FDA: The more things change, the more they stay the same – Opinion

Fifteen years ago, the Science Board of the US Food and Drug Administration (FDA) released a report in which they concluded that the agency’s scientific base had eroded, its scientific organizational structure was weak, its scientific workforce lacked sufficient capacity and capability, and its information technology (IT) structure was inadequate.

Today, the Reagan-Udall Foundation for the FDA released an Expert Panel report on the agency’s Human Food Program capabilities, in which they concluded that the program is underfunded and understaffed, IT resources are inadequate, no single individual is in overall charge of the program, and the agency is risk-averse.

Problems with organizational structure, funding, staffing and information technology. It would appear that not much has changed in fifteen years.

Expert Panel findings

In a fifty-one page report, the panel presented a damning list of deficiencies, the most glaring of which is the absence of a Deputy Commissioner of Foods, a position that was eliminated in 2019 during the Trump Administration.

Without a Deputy Commissioner, responsibility for fulfilling the FDA’s food safety and nutrition mandates is spread among the Center for Food Safety and Nutrition (CFSAN), the Center for Food Policy and Response (CFPR), and the Office of Regulatory Affairs (ORA). The Center for Veterinary Medicine (CVM) is responsible for the Animal Food Program, which includes both animal feed and companion animal food.

All four of these Centers report directly to the office of the FDA Commissioner, diluting the overall clout of the Food component of the FDA.

This lack of cohesive leadership and coordination was part of the reason for the FDA’s slow response to the Abbott Nutrition infant formula contamination crisis.

Many of the panels other findings are an inevitable consequence of the current organizational structure. Among these are:

  • Lack of a clear vision and mission
  • Absence of an ultimate decision-maker
  • A culture of indecisiveness and inaction
  • Overlapping roles and competing priorities among the various Centers
  • Over-reliance on consensus for decision-making
  • Aversion to regulatory risk-taking, resulting in reluctance to take enforcement action, including the use of mandatory recall authority
  • Funding has barely kept pace with inflation, and has fallen behind the increase in the size of the food industry
  • Critical staff have left the agency due to pay disparity with the private sector

Room at the top

The Expert Panel report does more than simply list deficiencies. It recommends a number of substantive improvements to the FDA’s organizational structure, hiring and personnel practices, budget and appropriation strategies, and information sharing.

The panel also recommends that the animal feed and companion animal food portions of the Center for Veterinary Medicine (CVM) be integrated with the Human Food Program.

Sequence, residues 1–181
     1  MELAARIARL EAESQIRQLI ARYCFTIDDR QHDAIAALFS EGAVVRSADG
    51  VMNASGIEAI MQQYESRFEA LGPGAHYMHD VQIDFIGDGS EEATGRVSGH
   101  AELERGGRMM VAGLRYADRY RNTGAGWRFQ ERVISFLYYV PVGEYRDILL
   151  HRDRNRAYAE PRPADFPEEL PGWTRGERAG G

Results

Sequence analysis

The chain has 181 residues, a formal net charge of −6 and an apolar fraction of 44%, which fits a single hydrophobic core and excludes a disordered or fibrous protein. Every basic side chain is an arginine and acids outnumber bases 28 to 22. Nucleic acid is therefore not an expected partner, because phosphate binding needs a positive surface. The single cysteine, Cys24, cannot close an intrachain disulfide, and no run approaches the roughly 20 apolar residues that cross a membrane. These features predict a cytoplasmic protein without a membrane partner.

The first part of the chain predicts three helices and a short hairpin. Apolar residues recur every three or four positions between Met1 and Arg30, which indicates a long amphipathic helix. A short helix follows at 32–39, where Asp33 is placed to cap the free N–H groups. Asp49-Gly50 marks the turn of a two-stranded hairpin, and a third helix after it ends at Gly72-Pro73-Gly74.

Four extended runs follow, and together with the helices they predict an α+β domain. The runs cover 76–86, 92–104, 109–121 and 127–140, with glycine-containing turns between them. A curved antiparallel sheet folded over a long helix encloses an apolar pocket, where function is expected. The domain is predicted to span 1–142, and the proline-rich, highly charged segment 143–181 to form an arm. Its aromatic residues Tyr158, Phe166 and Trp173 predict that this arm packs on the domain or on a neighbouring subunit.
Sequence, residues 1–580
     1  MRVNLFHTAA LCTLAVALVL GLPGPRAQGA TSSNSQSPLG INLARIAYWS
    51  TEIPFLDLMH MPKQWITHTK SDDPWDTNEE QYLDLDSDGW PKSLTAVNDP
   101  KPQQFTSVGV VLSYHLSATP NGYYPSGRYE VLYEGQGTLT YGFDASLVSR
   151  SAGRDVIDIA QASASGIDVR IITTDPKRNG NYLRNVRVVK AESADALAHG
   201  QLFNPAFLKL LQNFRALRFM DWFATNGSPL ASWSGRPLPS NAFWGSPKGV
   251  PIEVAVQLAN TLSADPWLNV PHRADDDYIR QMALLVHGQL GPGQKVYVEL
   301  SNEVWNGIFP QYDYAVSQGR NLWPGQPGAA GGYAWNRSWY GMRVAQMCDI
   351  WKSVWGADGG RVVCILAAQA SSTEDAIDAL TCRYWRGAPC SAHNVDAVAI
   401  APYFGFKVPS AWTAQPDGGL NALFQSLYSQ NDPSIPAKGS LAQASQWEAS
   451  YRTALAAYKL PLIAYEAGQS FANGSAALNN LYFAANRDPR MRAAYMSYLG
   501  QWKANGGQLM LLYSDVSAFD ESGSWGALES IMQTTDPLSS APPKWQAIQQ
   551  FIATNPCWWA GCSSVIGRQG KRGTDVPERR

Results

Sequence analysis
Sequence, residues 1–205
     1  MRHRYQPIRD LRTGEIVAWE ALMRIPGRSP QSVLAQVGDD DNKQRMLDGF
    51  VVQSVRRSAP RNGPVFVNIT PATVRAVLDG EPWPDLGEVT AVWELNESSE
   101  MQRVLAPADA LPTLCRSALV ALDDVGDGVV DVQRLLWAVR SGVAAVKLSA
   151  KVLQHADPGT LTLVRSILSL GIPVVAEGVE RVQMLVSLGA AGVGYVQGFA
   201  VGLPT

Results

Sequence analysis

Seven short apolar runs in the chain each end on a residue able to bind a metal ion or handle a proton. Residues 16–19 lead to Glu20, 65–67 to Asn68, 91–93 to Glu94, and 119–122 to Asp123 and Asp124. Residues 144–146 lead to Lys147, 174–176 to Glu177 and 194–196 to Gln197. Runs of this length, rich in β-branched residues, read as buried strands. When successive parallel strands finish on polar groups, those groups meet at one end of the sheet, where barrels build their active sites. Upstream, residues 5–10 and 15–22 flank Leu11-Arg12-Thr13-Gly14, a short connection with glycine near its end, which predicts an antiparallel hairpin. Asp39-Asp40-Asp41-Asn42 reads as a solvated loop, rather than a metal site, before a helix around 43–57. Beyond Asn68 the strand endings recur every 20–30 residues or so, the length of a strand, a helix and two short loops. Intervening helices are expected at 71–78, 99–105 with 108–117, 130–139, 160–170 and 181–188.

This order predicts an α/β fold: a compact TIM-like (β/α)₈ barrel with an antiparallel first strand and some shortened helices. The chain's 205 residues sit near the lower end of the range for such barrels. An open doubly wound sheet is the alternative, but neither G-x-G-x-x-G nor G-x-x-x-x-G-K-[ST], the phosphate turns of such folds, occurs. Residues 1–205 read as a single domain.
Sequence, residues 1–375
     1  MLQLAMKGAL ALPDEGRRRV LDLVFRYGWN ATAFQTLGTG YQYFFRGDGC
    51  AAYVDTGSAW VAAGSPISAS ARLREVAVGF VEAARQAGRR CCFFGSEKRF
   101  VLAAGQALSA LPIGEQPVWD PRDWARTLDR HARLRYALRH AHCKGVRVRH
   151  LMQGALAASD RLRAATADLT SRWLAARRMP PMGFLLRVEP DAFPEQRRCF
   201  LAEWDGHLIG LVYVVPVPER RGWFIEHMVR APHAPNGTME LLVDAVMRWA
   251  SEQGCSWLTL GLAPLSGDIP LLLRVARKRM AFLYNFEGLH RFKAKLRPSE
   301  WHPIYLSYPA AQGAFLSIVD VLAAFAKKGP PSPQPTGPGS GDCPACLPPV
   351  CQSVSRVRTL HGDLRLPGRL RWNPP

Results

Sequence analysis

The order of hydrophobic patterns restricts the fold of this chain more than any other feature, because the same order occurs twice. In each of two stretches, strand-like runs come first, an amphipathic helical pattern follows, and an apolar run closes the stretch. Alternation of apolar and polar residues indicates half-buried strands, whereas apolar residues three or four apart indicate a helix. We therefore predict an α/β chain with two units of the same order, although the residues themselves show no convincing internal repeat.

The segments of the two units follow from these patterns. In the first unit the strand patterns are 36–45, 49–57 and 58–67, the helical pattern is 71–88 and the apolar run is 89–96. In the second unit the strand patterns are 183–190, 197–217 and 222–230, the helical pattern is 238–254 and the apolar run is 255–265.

But implementing the panel’s recommendations will require a strong leader–one with the courage and the clout to fight the Food Program’s battles within the FDA, with Congress, and with the food industry.

In January 2019, upon the retirement of Dr. Stephen Ostroff from the FDA, the position of Deputy Commissioner for Food disappeared from the agency’s organizational structure. Instead, the Trump Administration created a Center for Food Policy and Response (CFPR), and named Dr. Frank Yiannas as its first Deputy Commissioner.

Since then, responsibility for the Human Food Program has been parceled out among the CFPR, the CFSAN and the ORA, leading to “…overlapping roles and competing priorities that result in what is perceived as constant turmoil.”

I have long been an advocate of a single, independent Human and Animal Food Safety Agency that would take over all federal responsibility for regulating the safety of the US food supply, including most of the activities now carried out by the US Department of Agriculture’s Food Safety and Inspection Service (FSIS).

The single-agency approach has been adopted by many countries around the developed world, including Canada, the United Kingdom, a number of EU Member countries, Australia, and New Zealand.

This consolidation would, with a single stroke, eliminate significant overlap and duplication of enforcement activities, simplify the communications between regulators and the regulated (ie., food industry), and free the USDA to focus on its mandate to promote and support the agricultural industry without simultaneously trying to enforce food safety standards.

But I am, above all, a realist. I know that an independent Food Safety Agency is not even a twinkle in the Biden Administration’s eye.

In the absence of an independent agency, what the FDA needs desperately is a steady hand at the helm of the Food Program. Someone who has the authority to make tough decisions, advocate for the resources needed to ensure the safety of the food supply, and defend the Food Program against internal erosion and external pressures.

If FDA Commissioner Califf does nothing else in response to the Expert Panel report, he must act with dispatch to consolidate all of the disparate elements of the Human and Animal Food programs into a single entity headed by a Deputy Commissioner reporting directly to the Office of the Commissioner.

The gory details

If you wish to read the full report, you can download the pdf file here.


2 thoughts on “FDA: The more things change, the more they stay the same – Opinion

  1. Phyllis, I am so grateful for all of the information you provide for all of us! This article is so informative as are so many that you give to us! We are, for most of us, so under informed about the workings of so much of the Federal government. You bring so much knowledge to us all! Please do not ever stop !!!

    Liked by 1 person

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